KOMPAS.com – Anglerfish is one of the deep sea fish which has a scary appearance. How not, this fish has a rather strange shape with sharp teeth and glowing balls hanging from the ends of its antennae.
Fish marriage anglerfish even somewhat unusual and extreme, because they will stick to each other like an organ transplant. This is because it is difficult to find a partner in the very dark depths of the sea.
Launch Science News, Thursday (30/7/2020) anglerfish male will merge the tissues in his body with the body female larger ones during mating. When male anglerfish look for mates, they will follow the female pheromones.
After finding the female, they will bite the female’s abdomen and stick until her body is fused.
The skin of the male and female are joined together, as well as the blood vessels that allow the male to take all the nutrients from his partner’s blood.
Interestingly, the anglerfish is the only animal known to reproduce this way.
With his body attached like this, the male anglerfish doesn’t need to swim or forage as usual. They will rely on female anglerfish to survive.
Reported from Mental Floss, Tuesday (22/7/2014) when the marriage takes place, the body parts that are no longer needed such as eyes, fins, and some internal organs stop growing and shrink.
The males who cling like left these will continue to take food from the female and provide sperm whenever they are ready to lay eggs.
Previously, experts still wondered why the immune system of male and female anglerfish did not resist when the body’s tissue attachment process took place.
However, now they know the cause. According to research published in the journal Science in 2020, when attached to a mate, anglerfish may not have to evade the immune system.
The researchers explained that some anglerfish species lack a core gene in the body’s immune response, which makes fusion or fusion without risk of death in fish.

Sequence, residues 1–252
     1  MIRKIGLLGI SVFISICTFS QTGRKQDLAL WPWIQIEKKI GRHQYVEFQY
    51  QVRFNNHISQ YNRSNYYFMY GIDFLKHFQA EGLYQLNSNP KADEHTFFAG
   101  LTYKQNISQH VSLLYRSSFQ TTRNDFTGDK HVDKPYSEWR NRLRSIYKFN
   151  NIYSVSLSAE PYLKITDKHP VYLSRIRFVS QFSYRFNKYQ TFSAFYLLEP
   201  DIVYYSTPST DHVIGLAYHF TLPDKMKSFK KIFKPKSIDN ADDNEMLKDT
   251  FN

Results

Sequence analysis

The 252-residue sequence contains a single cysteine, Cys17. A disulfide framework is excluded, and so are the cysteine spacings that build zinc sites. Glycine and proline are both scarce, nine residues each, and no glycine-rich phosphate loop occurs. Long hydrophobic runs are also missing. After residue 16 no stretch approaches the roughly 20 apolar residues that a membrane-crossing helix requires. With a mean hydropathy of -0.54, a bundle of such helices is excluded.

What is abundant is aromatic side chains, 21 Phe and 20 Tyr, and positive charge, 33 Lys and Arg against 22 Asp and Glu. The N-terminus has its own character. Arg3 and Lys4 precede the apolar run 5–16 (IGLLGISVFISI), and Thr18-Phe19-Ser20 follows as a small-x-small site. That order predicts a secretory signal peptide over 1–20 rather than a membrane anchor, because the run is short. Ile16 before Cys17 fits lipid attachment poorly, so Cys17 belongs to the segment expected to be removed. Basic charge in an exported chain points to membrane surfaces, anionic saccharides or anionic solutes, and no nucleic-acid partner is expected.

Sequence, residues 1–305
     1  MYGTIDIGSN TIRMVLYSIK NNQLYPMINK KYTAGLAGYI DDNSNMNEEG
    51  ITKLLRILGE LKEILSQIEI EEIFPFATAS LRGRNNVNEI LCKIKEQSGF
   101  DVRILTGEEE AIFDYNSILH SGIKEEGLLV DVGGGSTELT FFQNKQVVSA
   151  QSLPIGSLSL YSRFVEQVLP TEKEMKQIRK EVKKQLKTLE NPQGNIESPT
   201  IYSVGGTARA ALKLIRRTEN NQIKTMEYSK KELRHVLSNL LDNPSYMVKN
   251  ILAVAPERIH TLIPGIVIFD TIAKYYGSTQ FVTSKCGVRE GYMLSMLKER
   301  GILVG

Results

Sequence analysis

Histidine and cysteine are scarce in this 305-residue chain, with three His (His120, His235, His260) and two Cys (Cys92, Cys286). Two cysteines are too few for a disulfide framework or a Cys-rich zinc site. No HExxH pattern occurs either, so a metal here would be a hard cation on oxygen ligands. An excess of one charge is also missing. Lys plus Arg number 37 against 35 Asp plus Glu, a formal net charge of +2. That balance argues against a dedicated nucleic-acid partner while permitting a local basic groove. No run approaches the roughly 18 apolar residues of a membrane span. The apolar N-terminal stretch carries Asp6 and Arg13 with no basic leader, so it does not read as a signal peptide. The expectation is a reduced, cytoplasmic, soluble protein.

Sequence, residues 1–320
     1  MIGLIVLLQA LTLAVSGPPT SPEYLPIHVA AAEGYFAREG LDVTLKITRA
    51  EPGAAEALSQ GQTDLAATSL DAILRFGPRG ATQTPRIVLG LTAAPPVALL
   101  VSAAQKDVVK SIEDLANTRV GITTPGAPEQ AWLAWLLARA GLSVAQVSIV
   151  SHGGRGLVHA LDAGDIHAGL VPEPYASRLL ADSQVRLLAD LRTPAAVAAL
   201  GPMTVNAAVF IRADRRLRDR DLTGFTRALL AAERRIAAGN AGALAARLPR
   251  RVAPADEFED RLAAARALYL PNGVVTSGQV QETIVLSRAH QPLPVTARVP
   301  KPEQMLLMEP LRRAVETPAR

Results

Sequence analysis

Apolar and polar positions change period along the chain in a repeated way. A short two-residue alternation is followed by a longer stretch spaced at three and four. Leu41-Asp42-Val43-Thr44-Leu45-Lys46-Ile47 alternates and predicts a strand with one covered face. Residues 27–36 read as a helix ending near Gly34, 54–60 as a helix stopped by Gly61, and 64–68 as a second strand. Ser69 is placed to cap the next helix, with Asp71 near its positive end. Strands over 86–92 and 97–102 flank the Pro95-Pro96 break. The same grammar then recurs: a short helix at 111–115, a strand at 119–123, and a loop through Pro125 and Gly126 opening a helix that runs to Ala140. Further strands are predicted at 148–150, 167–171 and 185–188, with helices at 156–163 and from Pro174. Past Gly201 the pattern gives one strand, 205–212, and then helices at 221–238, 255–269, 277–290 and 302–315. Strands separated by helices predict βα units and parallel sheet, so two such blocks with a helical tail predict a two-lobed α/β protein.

“When you see (these fish), you may be confused and ask how is that possible? But this creature seems to be doing it without knowing what’s going on,” said the immunologist from Institute of Immunobiology and Epigenetics in Freiburg, Germany, Thomas Boehm.
Boehm and his team started the experiment by isolating DNA from 31 anglerfish representing 10 deep-sea species. A total of four species, male fish were found attached to the female, but only temporarily.
Six other species were found to have permanently fused bodies, with one or more males attached to one female.
When compared to anglerfish that did not fuse with their partners, the fused species had the missing gene, which then helped produce new antibodies. This allows the male to remain attached to the female.
The research team found two species in which multiple males cling to one female: the anglerfish Photocorynus spiniceps and Haplophryne mollis.
For information, anglerfish belong to a group of fish called the order Lophiiformes, in this order there is a sub-order Ceratioidei, specifically for the strangest group of anglerfish.
Altogether, there are 160 species in the suborder and are usually found at depths below 300 meters above sea level.
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